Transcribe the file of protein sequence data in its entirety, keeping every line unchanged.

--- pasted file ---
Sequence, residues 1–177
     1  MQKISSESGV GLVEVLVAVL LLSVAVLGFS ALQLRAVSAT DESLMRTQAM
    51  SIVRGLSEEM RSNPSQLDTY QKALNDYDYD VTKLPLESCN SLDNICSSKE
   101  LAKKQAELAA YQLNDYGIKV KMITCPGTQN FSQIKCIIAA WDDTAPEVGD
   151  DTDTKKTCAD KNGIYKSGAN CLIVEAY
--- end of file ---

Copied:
Sequence, residues 1–177
     1  MQKISSESGV GLVEVLVAVL LLSVAVLGFS ALQLRAVSAT DESLMRTQAM
    51  SIVRGLSEEM RSNPSQLDTY QKALNDYDYD VTKLPLESCN SLDNICSSKE
   101  LAKKQAELAA YQLNDYGIKV KMITCPGTQN FSQIKCIIAA WDDTAPEVGD
   151  DTDTKKTCAD KNGIYKSGAN CLIVEAY